Booth faculty wants most costly option: Build $40 million new school

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J.C. Booth Middle School in Peachtree City, off South Peachtree Parkway. Photo/Ben Nelms.
J.C. Booth Middle School in Peachtree City, off South Peachtree Parkway. Photo/Ben Nelms.

Margin was 64-to-2 for new site on Stagecoach Road; upgrading old building least costly at $28 million —

A survey of groups that would be impacted by a decision on the future of Booth Middle School in Peachtree City was discussed at the Feb. 4 meeting of the Fayette County Board of Education. School board members will hear a more definitive breakdown on the potential options, and associated costs, at the Feb. 25 meeting.

School system officials conducted meetings with the school council, PTO members, the faculty and community members to gauge their perspective on potential options for Booth.

School system staff provided information of three of the options (Option 2, 3 and 5) for Booth’s future and asked participants to score them from 1-3, with a “1” indicating the highest preference.

Option 2 would include extensive renovation to the existing building with gym, kitchen, office and a classroom addition to accommodate 1,400 students. The estimated cost is $28 million.

Option 3 would include extensive renovation to the existing building with a kitchen addition, along with gym, office and a classroom addition to accommodate 1,400 students. The option also included relocating the existing football field to the south of the existing building. The estimated cost is $30 million.

Option 5 would include constructing a new 1,400-student building on 37 acres of Stagecoach Road. The estimated cost is $40 million.

The largest group of participants were Booth faculty. Of the 66 survey participants, 64 preferred Option 5 as their top choice with two preferring Option 3 as the most desirable option.

The second largest group was made up of community members. Of the 36 participants, 24 preferred Option 5, while 14 selected Option 3 and one chose Option 2.

A total of 14 PTO members also took the survey. Of those, 13 selected Option 5 while one preferred Option 3.

And with members of the student council, five preferred Option 5 and two chose Option 3.

A number of survey participants included comments with the selection.

The student council member commenting asked what accommodations would be made for golf carts if Option 5 was selected by the school board. The comment also asked if a cart tunnel to connect Booth and McIntosh High School would be considered.

The PTO member, who like nearly all others in that group selected Option 5, said the other options would lead to too much noise and disruption (presumably during the construction period).

Of the 66 faculty members participating, only two had comments. Both preferred Option 5.

One said, “The air quality (in the current building) is awful and we are all sick.”

The other faculty member said, “Sensory space and more safety features. Need full-size classrooms for teachers. Adaptive classrooms require more space. Storage for materials is imperative. More space for student activities.”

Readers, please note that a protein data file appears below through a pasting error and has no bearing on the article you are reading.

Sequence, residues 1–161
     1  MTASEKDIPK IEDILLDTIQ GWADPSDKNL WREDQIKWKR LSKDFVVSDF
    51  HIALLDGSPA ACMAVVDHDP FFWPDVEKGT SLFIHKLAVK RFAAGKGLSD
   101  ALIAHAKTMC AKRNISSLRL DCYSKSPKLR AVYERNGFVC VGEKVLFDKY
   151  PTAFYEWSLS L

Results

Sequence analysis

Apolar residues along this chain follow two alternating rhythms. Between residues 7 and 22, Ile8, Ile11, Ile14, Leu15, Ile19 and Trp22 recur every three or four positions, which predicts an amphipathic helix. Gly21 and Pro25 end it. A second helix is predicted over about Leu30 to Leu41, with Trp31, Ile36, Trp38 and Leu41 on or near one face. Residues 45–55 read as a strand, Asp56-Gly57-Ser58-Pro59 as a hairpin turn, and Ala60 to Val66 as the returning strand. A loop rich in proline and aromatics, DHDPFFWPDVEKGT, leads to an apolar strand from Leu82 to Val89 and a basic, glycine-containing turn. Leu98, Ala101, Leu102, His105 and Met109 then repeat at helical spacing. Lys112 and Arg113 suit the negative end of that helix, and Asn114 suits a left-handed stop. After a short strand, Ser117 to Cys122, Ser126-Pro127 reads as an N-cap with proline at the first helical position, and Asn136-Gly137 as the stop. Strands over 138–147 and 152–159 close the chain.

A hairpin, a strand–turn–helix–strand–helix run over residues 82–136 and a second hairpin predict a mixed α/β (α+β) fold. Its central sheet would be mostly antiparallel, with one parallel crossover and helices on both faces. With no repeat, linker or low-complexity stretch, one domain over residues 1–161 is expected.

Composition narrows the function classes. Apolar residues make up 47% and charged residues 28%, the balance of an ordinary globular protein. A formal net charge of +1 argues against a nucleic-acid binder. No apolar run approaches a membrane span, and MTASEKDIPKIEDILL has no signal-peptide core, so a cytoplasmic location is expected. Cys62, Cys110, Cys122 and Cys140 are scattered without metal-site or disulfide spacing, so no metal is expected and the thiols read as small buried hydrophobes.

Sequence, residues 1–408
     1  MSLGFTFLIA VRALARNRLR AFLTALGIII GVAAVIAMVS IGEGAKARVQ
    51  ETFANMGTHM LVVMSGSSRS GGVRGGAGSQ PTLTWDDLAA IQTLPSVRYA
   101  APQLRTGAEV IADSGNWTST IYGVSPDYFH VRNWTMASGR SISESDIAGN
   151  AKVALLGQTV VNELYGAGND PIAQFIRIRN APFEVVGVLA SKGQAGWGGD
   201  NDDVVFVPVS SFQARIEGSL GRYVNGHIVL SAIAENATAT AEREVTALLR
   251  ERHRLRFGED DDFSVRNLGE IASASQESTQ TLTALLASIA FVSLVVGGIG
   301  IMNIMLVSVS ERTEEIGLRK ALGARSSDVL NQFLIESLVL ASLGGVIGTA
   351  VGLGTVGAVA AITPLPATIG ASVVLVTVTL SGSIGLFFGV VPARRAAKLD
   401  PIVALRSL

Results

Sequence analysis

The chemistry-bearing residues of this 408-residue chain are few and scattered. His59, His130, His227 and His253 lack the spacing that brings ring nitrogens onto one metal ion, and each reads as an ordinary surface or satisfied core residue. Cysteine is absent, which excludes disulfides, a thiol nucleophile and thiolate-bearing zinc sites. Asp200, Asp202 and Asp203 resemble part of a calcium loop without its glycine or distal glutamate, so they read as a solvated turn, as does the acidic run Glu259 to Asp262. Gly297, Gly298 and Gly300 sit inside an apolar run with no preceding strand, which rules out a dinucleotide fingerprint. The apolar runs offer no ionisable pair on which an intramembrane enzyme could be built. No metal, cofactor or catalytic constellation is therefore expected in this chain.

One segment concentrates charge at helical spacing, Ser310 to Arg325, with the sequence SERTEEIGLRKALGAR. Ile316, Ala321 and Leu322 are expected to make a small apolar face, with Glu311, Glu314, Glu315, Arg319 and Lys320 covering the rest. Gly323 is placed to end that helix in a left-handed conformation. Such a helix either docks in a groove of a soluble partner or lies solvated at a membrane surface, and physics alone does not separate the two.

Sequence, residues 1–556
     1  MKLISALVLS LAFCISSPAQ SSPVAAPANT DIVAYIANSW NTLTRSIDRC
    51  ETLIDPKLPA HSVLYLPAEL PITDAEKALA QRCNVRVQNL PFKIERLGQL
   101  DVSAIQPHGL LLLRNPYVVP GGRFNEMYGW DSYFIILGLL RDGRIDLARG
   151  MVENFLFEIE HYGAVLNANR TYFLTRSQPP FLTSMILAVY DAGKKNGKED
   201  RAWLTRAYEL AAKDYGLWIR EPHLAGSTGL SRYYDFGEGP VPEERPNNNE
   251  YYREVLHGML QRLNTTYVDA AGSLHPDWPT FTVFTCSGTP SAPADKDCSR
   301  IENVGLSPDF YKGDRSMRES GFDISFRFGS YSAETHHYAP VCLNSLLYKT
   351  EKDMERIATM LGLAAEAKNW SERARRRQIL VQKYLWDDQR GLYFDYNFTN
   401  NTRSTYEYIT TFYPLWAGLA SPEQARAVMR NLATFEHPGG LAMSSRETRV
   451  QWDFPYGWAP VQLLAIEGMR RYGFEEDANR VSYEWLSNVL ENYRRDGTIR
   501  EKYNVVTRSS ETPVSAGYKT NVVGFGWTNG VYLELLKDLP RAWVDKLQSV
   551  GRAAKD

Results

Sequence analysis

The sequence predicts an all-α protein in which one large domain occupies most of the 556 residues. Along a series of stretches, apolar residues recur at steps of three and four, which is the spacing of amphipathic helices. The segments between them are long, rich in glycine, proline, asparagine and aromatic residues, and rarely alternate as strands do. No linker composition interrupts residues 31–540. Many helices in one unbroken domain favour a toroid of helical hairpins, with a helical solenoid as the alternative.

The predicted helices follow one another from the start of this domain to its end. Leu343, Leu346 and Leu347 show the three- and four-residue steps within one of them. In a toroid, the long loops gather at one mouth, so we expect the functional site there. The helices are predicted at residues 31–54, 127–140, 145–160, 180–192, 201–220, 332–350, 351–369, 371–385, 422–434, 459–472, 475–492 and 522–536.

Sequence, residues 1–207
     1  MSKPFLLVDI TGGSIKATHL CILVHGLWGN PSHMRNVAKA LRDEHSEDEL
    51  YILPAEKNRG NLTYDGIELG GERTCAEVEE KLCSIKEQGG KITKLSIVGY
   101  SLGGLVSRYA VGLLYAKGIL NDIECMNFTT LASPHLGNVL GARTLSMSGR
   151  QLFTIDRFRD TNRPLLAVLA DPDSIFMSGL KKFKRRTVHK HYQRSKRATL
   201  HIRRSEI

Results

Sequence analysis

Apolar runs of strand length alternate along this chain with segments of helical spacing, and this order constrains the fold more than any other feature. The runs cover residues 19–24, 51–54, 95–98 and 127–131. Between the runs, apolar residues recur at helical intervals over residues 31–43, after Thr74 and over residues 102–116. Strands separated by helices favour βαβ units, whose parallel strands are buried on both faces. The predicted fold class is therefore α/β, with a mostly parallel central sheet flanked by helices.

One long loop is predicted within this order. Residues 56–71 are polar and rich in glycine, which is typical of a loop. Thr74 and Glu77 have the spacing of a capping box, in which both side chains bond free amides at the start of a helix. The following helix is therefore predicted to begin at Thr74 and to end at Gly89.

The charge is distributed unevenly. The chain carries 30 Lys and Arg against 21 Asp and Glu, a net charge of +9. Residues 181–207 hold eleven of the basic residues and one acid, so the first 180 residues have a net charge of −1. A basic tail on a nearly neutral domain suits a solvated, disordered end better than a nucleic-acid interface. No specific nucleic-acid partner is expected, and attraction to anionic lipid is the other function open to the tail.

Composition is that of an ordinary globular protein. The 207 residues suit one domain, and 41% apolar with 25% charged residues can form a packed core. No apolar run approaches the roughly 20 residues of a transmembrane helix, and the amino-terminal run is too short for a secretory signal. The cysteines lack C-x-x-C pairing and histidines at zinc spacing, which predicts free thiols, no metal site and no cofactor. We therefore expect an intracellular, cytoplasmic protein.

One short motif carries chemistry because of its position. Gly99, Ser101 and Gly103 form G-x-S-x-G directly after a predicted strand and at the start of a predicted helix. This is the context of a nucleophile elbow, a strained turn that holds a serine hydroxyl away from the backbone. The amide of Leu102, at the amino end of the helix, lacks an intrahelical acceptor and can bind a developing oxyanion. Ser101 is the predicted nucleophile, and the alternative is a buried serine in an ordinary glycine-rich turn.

The community members taking the survey had significantly more comments, with 14 out of 36 respondents weighing-in.

One participant, who chose Option 3 said, “Save the new site for when you really need it. This school is great and can be made even better. Save the $10 million and focus on being No. 1 in education, not construction.”

Another community member, who also chose Option 3, said, “As a long time PTC resident, I do not like the idea of moving the school. It is centrally located now. Also, not being sure of what would go in the existing space. I don’t like the idea of something random in the middle of town.”

Another participant selecting Option 3 said, “Why build new when you can get what is needed in a renovation for less money. This is taxpayer money that is being spent.”

Yet another community members selecting Option 3 remarked, “More community involvement needed. Heard about meeting by word of mouth. Not only does this impact the school, but the community.”

Others from the community felt the current location in the central part of the city was best or questioned what might become of the current campus space if the school were relocated.

Facilities Director Mike Satterfield and Assistant Superintendent of Operations Mike Sanders at the Feb. 4 meeting reiterated the concern voiced by some at the survey meetings over what might replace the school at the current Booth campus is relocated.

School board members on Feb. 4 wanted to obtain additional information pertaining to the costs associated with each of the options, including two that were not part of the survey.

The amount of local and state money that is expected to be available, along with the various options, also have to be figured into those net costs. That information will be presented at the Feb. 25 meeting.

“We will have five versions we will share with the board and they will have projected costs for both new construction and renovation,” Superintendent Jody Barrow said, adding that the number will not be firm until the school system goes through the bid process.